The Incorporation of the Human Right Act into British Law
The Human Rights Act came in force in 2000 and has been successful in
UK. This is because after a year Michael Beloff QC pointed out in The
Times that 15% of the cases brought in the high court with Human
Rights Act implication had been successful. The Act has the effect of
in cooperating the European convention on Human Rights into British
law. The home secretary Jack Straw said “these are the new rights for
the new millennium. The Human Rights Act is the most important peace
of constitutional legislation the UK has ever seen”.
A citizen is a member of state who expects the state to protect them
but also has duties towards it. Being a good citizen means
contributing to society and follows the law. Jack Straw described this
as “Rights flow from duties-not the other way around. One person’s
freedom is another person’s responsibility”.
The main reason for the new Human Rights bill is to protect citizens
and their civil liberties under three categories-: fundamental rights
such as to life, procedural rights such as the right to trail and
qualified rights such as the freedom of expression. The Human Right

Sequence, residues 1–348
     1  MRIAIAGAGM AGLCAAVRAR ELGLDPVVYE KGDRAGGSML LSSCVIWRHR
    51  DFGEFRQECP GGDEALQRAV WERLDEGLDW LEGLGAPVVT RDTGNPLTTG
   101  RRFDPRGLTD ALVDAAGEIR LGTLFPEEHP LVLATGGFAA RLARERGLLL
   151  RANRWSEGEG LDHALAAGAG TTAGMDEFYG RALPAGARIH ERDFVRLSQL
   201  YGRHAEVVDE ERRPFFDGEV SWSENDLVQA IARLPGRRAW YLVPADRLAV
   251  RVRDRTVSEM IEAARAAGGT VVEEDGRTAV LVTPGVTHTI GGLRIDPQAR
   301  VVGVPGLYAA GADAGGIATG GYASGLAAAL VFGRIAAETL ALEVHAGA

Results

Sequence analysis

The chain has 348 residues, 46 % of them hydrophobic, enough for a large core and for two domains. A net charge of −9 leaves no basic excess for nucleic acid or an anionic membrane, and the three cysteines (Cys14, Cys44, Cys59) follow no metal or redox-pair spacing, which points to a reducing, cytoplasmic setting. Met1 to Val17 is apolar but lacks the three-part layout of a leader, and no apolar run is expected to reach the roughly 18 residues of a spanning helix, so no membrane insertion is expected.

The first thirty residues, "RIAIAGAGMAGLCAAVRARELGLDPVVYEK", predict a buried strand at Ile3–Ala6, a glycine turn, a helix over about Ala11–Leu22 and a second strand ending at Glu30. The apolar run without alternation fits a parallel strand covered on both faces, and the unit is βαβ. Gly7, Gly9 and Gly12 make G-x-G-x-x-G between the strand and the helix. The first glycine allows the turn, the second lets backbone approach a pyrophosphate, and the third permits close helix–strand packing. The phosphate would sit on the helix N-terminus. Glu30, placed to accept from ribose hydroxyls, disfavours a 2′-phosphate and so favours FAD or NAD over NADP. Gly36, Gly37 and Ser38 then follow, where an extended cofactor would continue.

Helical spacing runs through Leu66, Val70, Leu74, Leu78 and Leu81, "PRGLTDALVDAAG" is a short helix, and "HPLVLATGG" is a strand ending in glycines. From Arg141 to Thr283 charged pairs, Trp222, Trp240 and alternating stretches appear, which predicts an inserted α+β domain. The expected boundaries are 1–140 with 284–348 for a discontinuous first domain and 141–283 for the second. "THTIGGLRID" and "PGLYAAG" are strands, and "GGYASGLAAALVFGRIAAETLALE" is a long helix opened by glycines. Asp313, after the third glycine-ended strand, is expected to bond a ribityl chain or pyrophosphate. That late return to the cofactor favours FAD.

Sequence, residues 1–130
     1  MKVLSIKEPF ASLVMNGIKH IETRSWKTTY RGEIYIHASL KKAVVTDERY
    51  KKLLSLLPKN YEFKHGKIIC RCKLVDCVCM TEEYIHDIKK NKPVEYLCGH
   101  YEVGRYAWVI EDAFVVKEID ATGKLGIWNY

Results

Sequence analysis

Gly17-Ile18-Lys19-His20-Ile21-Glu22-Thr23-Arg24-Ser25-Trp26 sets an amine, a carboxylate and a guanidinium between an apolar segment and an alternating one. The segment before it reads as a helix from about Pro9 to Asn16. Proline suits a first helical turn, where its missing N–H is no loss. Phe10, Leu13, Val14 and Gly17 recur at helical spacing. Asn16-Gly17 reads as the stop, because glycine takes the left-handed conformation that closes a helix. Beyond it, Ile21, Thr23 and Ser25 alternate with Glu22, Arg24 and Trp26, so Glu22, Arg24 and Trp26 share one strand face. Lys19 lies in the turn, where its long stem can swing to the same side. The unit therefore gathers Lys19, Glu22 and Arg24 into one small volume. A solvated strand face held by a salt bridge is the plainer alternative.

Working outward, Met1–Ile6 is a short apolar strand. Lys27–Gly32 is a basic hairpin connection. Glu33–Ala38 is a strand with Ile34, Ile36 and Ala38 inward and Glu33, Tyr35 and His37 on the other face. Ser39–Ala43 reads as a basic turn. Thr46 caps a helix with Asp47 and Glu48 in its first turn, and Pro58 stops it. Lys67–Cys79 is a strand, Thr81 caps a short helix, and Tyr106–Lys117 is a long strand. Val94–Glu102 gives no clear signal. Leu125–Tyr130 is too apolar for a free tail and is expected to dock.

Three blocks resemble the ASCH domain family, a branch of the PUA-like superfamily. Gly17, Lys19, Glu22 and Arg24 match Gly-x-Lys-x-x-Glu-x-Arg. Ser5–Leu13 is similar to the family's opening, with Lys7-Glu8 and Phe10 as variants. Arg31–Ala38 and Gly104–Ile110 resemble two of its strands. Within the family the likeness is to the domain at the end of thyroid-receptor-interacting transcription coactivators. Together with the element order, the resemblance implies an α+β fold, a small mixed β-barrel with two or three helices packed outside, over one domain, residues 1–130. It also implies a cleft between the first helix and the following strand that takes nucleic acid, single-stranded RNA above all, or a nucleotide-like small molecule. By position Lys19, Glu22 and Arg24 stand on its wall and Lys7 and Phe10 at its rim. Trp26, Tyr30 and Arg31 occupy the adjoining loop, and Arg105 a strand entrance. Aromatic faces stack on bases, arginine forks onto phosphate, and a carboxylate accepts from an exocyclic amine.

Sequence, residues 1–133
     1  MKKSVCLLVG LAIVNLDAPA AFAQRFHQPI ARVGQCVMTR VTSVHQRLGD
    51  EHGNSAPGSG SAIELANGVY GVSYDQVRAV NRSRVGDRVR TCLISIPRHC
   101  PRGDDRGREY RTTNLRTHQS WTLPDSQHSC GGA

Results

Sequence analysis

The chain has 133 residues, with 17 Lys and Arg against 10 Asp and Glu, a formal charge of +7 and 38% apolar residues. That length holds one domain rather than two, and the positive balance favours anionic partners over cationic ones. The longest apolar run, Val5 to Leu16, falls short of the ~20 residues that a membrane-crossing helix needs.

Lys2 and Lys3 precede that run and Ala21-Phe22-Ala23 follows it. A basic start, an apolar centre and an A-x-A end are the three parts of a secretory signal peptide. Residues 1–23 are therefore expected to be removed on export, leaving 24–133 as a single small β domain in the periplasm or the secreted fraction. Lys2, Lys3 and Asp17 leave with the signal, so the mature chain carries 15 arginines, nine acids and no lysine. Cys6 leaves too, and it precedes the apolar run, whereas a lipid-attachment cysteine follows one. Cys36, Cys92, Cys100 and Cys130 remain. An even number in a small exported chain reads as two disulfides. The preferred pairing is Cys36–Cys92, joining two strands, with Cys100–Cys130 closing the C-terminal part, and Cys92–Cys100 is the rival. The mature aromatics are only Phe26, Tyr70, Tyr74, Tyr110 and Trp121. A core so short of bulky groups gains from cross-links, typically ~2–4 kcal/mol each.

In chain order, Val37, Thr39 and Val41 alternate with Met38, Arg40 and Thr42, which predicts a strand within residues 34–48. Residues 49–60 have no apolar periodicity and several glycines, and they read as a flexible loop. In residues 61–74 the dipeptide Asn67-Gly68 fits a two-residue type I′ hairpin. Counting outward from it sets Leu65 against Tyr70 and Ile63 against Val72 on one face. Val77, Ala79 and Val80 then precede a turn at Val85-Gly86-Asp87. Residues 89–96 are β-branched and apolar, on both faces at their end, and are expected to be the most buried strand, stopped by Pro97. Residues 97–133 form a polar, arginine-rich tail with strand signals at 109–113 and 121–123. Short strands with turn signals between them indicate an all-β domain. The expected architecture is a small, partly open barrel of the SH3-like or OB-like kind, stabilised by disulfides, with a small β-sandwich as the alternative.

Act is not a technical peace of law. Its interpretation will require a
broad focus-a big change for our court. Jack Straw said that the Act
“should not be taken as a failed day for lawyers… a major step change
in a creation of a culture of rights and responsibilities in our
society. Currently there is a supremely of parliament over the
judiciary. Parliaments make laws and the judiciary interpret them. But
with the new bill, there is going to be a sharing of sovereignty with
the British judiciary.
These rights clash with the sovereignty of parliament because
sovereignty means that there is nothing that can blind our parliament.
But the Human Rights Act tries to do this. When the Human Rights Act
really gets going, judges will be involved in political cases. For
example, they may consider laws which extend police power, or which
limit freedom of the press. Although they cannot set them aside, they
will be able to criticise the government. In cases where the Human
Rights Act is involved, judges may have to decide what the act means.
For example, when are the newspapers allowed to invade people’s
privacy? The judges would have to decide what discriminated against by
an employer and not getting equal pay. The judges would have to decide
what is meant by equal pay.
Since the act was passed in October 2000, prisoners gained rights to
vote in general elections. The Home Secretary can now decide or to set
a mandatory sentence, before judges used to decide this given a
minimum and maximum number of years. Hanging people goes against the
The judiciary already had great range of political power. It can